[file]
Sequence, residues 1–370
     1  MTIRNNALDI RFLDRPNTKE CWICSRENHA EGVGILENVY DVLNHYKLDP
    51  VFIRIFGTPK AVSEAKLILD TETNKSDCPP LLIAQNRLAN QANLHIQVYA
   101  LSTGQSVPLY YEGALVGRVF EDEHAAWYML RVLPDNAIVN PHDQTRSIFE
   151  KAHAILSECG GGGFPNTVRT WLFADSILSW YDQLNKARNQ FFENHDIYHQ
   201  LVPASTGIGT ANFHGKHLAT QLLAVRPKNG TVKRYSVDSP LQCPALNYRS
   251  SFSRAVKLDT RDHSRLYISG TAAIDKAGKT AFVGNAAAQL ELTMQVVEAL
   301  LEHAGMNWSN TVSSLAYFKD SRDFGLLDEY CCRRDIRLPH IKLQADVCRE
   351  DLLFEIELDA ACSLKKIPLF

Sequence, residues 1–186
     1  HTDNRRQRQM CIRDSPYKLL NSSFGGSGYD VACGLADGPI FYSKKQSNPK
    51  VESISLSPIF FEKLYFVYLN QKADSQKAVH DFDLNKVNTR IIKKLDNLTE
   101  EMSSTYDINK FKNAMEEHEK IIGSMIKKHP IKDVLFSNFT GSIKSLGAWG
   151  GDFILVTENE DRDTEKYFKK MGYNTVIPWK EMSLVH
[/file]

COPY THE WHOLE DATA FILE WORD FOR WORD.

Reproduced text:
Sequence, residues 1–370
     1  MTIRNNALDI RFLDRPNTKE CWICSRENHA EGVGILENVY DVLNHYKLDP
    51  VFIRIFGTPK AVSEAKLILD TETNKSDCPP LLIAQNRLAN QANLHIQVYA
   101  LSTGQSVPLY YEGALVGRVF EDEHAAWYML RVLPDNAIVN PHDQTRSIFE
   151  KAHAILSECG GGGFPNTVRT WLFADSILSW YDQLNKARNQ FFENHDIYHQ
   201  LVPASTGIGT ANFHGKHLAT QLLAVRPKNG TVKRYSVDSP LQCPALNYRS
   251  SFSRAVKLDT RDHSRLYISG TAAIDKAGKT AFVGNAAAQL ELTMQVVEAL
   301  LEHAGMNWSN TVSSLAYFKD SRDFGLLDEY CCRRDIRLPH IKLQADVCRE
   351  DLLFEIELDA ACSLKKIPLF

Sequence, residues 1–186
     1  HTDNRRQRQM CIRDSPYKLL NSSFGGSGYD VACGLADGPI FYSKKQSNPK
    51  VESISLSPIF FEKLYFVYLN QKADSQKAVH DFDLNKVNTR IIKKLDNLTE
   101  EMSSTYDINK FKNAMEEHEK IIGSMIKKHP IKDVLFSNFT GSIKSLGAWG
   151  GDFILVTENE DRDTEKYFKK MGYNTVIPWK EMSLVH